From planning to packing, get everyone in the family involved when making snacks. Take children grocery shopping and let them choose some of their favorite foods like breads, vegetables, fruit, and yogurts. Set aside time in the evening to pack lunches and snacks. You’ll be happy you did during the next day’s busy morning rush!

Food Allergies: Schools have different policies when it comes to food allergies. Many schools have a nut-free policy throughout the whole school, and some have policies just for some classrooms. Find out about the food allergy policy at your child’s school. Once you know about the foods that need to be avoided, keep them in mind when reading the ingredient list on food labels and when packing lunches.

Back to school snacks can be nutritious and delicious. With a little planning and creativity, your kids will love snack time at school.

“Work With What You Got!”

©Tiny New York Kitchen © 2019 All Rights Reserved

Cupcakes

September 5, 2019

Cupcakes are an adaptable fun treat that makes any occasion special.

“Work With What You Got!”

©Tiny New York Kitchen © 2019 All Rights Reserved

Corn

August 27, 2019

As much as I love this hand-held summer superstar teamed or grilled, a little effort goes a long way in creating a more substantial summer side. I love cutting corn right off the cob, getting chunky clumps of corn kernels that I then lightly sauté – this brings out a bold sweetness. Sautéing tends to brighten the corn, and it holds up well on its own or tossed with other ingredients.

Please don’t open any ear of corn at the market looking for perfection. You can feel if it is a big intact fat ear. Corn holds up best cold and in its own packaging, the husk.

As soon as corn begins to warm, the sugars break down and corn gets starchy. Tearing it open exposes and warms the cob, and you’re ruining it for everyone.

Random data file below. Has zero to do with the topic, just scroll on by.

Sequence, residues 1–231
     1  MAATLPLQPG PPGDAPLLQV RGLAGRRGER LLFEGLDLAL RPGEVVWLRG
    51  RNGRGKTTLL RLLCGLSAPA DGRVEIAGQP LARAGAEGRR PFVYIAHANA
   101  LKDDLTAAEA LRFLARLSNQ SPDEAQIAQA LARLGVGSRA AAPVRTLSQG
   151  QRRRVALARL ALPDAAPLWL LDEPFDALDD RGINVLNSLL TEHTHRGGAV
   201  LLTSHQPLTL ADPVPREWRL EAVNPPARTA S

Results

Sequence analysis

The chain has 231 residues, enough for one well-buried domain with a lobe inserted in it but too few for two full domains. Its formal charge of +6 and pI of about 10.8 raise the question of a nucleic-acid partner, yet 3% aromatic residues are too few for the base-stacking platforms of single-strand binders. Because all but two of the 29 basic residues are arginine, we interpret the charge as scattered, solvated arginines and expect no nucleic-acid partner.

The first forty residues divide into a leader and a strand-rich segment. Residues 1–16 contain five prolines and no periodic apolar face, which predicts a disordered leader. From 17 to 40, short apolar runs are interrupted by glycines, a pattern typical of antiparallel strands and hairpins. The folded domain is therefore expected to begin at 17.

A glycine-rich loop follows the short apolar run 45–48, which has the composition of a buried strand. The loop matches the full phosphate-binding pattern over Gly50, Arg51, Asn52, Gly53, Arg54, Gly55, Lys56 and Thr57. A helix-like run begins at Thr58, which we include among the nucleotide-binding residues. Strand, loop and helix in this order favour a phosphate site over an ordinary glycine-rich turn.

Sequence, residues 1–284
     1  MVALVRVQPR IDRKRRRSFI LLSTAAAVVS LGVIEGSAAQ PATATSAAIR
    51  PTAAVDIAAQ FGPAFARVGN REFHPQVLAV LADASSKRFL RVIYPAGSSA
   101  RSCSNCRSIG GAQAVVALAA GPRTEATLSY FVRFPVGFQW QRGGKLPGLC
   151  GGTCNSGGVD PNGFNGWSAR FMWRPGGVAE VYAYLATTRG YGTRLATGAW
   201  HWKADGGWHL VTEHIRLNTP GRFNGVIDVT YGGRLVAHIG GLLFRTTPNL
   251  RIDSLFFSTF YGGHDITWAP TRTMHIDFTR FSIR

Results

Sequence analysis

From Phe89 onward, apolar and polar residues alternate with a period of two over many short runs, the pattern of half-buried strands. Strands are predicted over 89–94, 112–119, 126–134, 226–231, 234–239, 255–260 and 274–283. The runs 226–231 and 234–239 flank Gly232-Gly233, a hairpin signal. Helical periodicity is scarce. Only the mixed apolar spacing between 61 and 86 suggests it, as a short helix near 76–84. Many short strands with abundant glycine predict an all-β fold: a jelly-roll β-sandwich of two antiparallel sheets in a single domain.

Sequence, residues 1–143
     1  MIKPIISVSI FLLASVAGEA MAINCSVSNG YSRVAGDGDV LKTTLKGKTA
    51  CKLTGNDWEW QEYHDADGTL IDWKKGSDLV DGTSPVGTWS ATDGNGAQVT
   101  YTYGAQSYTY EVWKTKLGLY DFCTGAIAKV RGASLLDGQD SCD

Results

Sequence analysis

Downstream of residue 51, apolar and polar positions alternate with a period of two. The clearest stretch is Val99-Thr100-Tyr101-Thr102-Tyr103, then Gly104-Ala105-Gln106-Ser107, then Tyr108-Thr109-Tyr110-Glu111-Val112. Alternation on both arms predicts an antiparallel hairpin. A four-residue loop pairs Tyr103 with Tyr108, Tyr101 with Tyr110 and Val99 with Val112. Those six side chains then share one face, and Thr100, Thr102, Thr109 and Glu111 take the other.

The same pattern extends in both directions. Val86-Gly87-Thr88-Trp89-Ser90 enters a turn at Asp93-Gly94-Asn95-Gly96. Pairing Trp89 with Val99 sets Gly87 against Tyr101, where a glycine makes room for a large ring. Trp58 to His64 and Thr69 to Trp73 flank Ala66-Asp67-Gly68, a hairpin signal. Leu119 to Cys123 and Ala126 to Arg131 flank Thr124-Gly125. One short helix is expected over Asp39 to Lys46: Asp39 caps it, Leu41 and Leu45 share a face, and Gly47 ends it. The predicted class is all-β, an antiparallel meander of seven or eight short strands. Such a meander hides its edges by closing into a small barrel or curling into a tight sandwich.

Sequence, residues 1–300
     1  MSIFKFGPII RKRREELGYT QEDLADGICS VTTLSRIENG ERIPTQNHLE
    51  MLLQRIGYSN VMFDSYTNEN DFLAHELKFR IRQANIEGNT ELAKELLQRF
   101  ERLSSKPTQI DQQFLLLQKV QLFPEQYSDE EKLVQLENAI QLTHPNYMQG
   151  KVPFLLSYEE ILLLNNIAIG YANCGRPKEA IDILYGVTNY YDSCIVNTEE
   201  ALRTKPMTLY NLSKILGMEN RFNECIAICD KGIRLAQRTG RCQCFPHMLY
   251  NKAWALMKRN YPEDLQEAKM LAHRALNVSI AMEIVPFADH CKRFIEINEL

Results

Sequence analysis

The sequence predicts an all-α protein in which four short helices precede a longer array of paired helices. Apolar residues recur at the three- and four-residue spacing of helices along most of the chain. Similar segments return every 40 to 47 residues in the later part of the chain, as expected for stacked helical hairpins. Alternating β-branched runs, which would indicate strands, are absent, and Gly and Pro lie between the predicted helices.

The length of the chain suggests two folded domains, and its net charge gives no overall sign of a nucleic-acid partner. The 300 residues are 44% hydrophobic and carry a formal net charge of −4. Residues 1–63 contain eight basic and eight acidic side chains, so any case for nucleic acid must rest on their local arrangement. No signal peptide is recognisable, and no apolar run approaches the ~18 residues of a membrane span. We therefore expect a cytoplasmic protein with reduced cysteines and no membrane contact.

To slice, hold the pointed stalk end in your hand like a handle, with the flat end on a clean cutting surface. Slice corn off the cob starting about halfway down, holding firmly running a knife down the cob. Go around the cob, then turn over to get the other half.

When sautéing, do not overcook. As soon as the corn darkens from its yellow-milky tone to a darker shiny kernel it is done. Remove from heat and to stop the cooking process, spread out on a sheet pan, and refrigerate just to cool.

“Work With What You Got!”

©Tiny New York Kitchen © 2019 All Rights Reserved

Cooking For Yourself

August 23, 2019

In theory, it should make little difference to your health whether you cook for yourself or let someone else do the work. But unless you can afford to hire a private chef to prepare meals exactly to your specifications, letting other people cook for you means losing control over your eating life, the portions as much as the ingredients. Cooking for yourself is the only sure way to take back control of your diet from the food scientists and food processors, and to guarantee you’re eating real food and not edible foodlike substances, with their unhealthy oils, high-fructose corn syrup, and surfeit of salt. Not surprisingly, the decline in home cooking closely parallels the rise in obesity, and research suggests that people who cook are more likely to eat a more healthful diet.

“Work With What You Got!”

©Tiny New York Kitchen © 2019 All Rights Reserved

Handheld Pastries

August 21, 2019

Handheld pastries are fabulous for picnics and beach time. Everyone can dig in without the need for utensils.

“Work With What You Got!”

©Tiny New York Kitchen © 2019 All Rights Reserved

Panzanella

August 15, 2019

Making a classic Italian bread salad is a nice way to use up those summer tomatoes.

Latest Recipes

Standing Rib Roast With Jus

Standing Rib Roast With Jus

Lighter Pasta Alfredo

Lighter Pasta Alfredo

Sheet Pan Eggnog Pancakes

Sheet Pan Eggnog Pancakes

Sweet Potato Casserole With Marshmallows

Sweet Potato Casserole With Marshmallows

Bacon Wrapped Turkey Breast

Bacon Wrapped Turkey Breast